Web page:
High-side current-shunt monitor offers reduced error

Analog Devices AD8603

Marián Štofka

EDN

The circuit in Figure 1 is an alternative to a high-side current monitor in a recent Design Idea (Reference 1). That monitor uses the Analog Devices AD8212 and an external high-voltage bipolar PNP transistor. The AD8212 can compensate for errors, which can reduce from the approximately –1% error of an uncompensated circuit to about –0.4%.

The circuit senses the current flowing through load resistor RL at the high side and transfers it directly to the low side by means of feedback current IF, which has 500 μA at full-scale.
Figure 1. The circuit senses the current flowing through load resistor RL at the high side and transfers
it directly to the low side by means of feedback current IF, which has 500 μA at full-scale.

Circuit errors occur mainly because of the finite current gains of the two bipolar PNP transistors in the circuit: an external transistor and an internal low-voltage PNP transistor in the AD8212. The internal PNP transistor’s base-emitter junction forms a negative-feedback loop for the op amp within the AD8212. Both PNP transistors form a cascade of two common-base-operated transistors. In the ideal case, the emitter current of the internal PNP, which is proportional to a sensed current, should equal the collector current of the external PNP. This collector current mediates the information about the sensed current. In practice, however, the collector current of the external PNP transistor equals the emitter current of the internal PNP minus the sum of the base currents of both PNP transistors.

The base current is also a source of error in this circuit. The circuit reduces the undesired base current of the Darlington PNP by a factor of one divided by βPNP compared with the circuit in the earlier Design Idea. In that Design Idea, βPNP is the current gain of one PNP transistor. The circuit in Figure 1 reduces error by using a PNP-to-Darlington connection in place of an external PNP transistor. The difference between the emitter and the collector currents in the Darlington connection is so low that you can omit compensation circuitry and the internal PNP transistor, which are associated with the compensation circuit. You could thus integrate the two 1-kΩ resistors and the zener diode into a monolithic IC that is simpler than the AD8212.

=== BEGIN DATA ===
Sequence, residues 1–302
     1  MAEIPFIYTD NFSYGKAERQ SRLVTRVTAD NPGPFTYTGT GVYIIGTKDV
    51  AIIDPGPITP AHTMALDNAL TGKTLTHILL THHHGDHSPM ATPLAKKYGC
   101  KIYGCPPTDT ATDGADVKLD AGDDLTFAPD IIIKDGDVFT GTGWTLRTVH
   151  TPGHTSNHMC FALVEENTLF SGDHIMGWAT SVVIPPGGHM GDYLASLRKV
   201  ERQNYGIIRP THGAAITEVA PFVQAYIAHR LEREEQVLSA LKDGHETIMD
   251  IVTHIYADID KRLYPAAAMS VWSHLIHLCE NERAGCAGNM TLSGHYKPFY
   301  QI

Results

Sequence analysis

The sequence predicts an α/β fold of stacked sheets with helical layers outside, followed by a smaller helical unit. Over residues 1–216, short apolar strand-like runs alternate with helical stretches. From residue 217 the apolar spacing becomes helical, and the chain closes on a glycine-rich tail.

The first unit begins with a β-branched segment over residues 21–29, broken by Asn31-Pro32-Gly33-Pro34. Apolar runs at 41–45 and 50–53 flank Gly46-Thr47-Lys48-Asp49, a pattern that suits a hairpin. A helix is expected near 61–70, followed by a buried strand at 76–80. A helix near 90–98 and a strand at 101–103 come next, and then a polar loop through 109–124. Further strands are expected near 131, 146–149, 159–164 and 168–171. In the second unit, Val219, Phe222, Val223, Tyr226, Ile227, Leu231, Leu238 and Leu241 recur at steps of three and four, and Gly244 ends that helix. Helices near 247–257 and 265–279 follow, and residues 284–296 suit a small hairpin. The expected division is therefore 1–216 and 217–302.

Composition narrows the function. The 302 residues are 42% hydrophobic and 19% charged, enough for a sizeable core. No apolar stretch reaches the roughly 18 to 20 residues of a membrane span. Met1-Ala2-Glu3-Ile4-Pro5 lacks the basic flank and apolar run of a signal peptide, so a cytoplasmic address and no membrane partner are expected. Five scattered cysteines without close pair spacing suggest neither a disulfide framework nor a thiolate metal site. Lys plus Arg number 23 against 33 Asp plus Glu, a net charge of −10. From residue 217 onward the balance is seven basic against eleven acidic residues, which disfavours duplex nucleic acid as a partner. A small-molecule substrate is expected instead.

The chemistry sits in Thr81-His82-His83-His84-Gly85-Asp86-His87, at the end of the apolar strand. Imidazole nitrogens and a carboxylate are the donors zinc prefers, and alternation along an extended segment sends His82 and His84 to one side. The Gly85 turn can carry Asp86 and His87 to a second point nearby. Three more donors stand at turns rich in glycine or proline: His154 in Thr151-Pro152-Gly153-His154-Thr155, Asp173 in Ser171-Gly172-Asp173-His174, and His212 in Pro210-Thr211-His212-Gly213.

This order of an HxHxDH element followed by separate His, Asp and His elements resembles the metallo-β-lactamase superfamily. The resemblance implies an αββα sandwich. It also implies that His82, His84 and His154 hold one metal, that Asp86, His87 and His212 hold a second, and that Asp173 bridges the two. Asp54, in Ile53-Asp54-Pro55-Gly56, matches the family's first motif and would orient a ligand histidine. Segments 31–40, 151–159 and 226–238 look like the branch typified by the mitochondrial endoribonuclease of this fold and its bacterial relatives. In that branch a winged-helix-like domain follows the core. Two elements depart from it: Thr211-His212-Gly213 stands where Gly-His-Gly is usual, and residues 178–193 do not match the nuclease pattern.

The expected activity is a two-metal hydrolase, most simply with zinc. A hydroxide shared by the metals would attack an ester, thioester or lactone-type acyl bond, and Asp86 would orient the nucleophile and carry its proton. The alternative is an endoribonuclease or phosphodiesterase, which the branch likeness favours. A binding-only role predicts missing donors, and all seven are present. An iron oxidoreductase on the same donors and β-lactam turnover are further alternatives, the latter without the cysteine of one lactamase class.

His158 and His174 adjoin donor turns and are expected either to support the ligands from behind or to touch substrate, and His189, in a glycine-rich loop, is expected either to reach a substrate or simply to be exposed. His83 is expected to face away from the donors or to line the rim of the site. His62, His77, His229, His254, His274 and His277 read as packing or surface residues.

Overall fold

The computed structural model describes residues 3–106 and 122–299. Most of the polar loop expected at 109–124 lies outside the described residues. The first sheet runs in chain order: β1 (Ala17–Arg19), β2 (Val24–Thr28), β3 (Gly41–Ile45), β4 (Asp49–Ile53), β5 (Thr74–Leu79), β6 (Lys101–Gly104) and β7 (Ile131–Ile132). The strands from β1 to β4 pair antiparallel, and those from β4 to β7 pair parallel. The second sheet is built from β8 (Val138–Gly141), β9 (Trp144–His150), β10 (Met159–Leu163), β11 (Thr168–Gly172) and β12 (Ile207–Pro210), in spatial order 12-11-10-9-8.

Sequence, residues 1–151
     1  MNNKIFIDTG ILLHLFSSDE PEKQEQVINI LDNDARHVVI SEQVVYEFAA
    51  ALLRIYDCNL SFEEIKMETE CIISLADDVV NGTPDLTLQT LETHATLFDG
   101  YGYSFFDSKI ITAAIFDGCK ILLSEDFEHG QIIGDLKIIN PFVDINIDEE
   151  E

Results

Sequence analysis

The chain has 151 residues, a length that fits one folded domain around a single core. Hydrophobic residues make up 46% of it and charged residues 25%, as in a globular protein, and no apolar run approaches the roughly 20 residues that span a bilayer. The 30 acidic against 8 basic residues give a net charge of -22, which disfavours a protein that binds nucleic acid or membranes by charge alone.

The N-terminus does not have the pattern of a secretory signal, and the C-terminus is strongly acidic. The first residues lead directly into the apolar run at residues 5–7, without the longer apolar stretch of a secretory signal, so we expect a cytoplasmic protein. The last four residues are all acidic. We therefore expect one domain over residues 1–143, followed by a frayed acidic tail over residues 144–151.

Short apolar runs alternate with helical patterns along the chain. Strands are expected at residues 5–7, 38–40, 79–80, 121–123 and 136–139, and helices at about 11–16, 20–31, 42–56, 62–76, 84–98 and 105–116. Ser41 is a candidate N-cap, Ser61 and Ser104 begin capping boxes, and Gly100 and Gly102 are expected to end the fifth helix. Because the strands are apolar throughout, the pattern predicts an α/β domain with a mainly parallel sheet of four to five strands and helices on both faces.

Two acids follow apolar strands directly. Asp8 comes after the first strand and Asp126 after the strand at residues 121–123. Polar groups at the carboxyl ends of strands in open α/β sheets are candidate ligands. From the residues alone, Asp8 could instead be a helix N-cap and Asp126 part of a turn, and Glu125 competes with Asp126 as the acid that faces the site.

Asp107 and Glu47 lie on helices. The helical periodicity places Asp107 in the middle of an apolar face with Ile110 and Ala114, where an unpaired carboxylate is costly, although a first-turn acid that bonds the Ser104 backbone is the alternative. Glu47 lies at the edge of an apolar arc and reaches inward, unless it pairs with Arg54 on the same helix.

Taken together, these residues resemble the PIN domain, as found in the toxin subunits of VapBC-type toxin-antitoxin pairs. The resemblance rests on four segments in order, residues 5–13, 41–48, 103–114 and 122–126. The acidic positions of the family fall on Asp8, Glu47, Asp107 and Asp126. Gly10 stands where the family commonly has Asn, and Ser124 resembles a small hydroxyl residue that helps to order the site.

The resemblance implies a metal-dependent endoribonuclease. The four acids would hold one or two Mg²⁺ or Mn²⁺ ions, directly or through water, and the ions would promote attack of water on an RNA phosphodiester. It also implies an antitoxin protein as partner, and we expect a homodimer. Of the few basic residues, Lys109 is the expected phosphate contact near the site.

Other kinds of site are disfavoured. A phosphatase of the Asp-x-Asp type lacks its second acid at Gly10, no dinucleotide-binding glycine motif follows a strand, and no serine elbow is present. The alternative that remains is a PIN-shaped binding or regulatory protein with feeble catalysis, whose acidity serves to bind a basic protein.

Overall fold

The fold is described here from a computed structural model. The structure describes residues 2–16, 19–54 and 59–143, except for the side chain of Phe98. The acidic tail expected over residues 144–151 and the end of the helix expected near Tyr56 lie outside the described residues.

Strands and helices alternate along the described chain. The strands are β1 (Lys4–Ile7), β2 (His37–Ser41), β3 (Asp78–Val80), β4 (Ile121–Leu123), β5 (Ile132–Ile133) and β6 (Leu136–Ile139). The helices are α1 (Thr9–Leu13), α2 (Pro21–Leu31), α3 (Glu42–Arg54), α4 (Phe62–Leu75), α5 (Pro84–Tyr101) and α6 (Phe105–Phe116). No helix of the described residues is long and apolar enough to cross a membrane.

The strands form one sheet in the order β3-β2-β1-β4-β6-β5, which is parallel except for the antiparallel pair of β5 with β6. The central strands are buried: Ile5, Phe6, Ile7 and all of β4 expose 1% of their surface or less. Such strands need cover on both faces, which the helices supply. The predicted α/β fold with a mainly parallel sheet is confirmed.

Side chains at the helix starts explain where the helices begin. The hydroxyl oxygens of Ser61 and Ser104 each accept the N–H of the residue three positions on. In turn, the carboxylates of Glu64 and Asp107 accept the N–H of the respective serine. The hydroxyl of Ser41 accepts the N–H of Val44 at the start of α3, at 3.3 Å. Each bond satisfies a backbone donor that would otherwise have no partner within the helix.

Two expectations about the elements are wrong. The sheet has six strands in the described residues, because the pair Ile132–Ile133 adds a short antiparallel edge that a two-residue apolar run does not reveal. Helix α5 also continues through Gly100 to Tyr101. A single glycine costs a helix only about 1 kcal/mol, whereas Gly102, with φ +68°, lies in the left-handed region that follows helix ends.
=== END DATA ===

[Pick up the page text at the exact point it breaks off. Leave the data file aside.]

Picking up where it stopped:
The circuit in Figure 1 uses an Analog Devices AD8603 op amp, which has a 40-µV input offset voltage. When its input voltage is close to the upper supply rail, the offset voltage is less than 200 µV. The worst-case input offset-voltage value would cause an additive error of 0.04% of the full-scale because the full-scale is 500 mV. IC1’s subpicoampere input bias current rises at elevated temperatures to about 320 pA at 125 °C, but that increase is still not significant enough to affect circuit accuracy. The same holds true also for the leakage current of the Darlington connection because the leakage currents flowing through the emitter and the collector of Q2 have almost the same value. Leakage current ICE0 becomes a part of the feedback current that flows through resistor RF.

When ICE0 rises, the op amp’s output voltage goes slightly more positive. Feedback current IF, flowing through resistor RF, still remains constant. The only condition is that the minimum feedback current must be larger than the maximum leakage current. The selected PNP transistors allow V+ to be as high as 30 V. Q1, an MMBT3906 type, exhibits a low drop in the value of current gain at low emitter currents. It drops to just 75% of its maximum value of 130 at an emitter current of –100 μA. Q2 is an MMBT4403 type.

For applications requiring higher values of V+, select PNP transistors having sufficient collector-emitter voltage ratings and increase the value of RB as

ZD, a ZPY5V6, has a zener voltage of about 4.7 V at about 500 μA. A test reveals that the relative difference between the emitter and the collector currents of the Darlington pair doesn’t exceed 0.06% at full-scale. At 0.01 times full-scale, the relative error rises to 1.77%, indicating that the overall current-gain value of the Darlington decreases to about 56. The reduction of error lets you reduce the full-scale voltage at shunt resistor RSH to 250 mV, reduce the power dissipated in RSH by 50%, and maintain the error at 0.15%.

Reference

  1. Tran, Chau, and Paul Mullins, “Current monitor compensates for errors,” EDN, Sept 9, 2010, pg 47.

Materials on the topic

  1. Datasheet Analog Devices AD8603
  2. Datasheet Nexperia MMBT3906
  3. Datasheet Diodes MMBT4403
  4. Datasheet Vishay ZPY5V6

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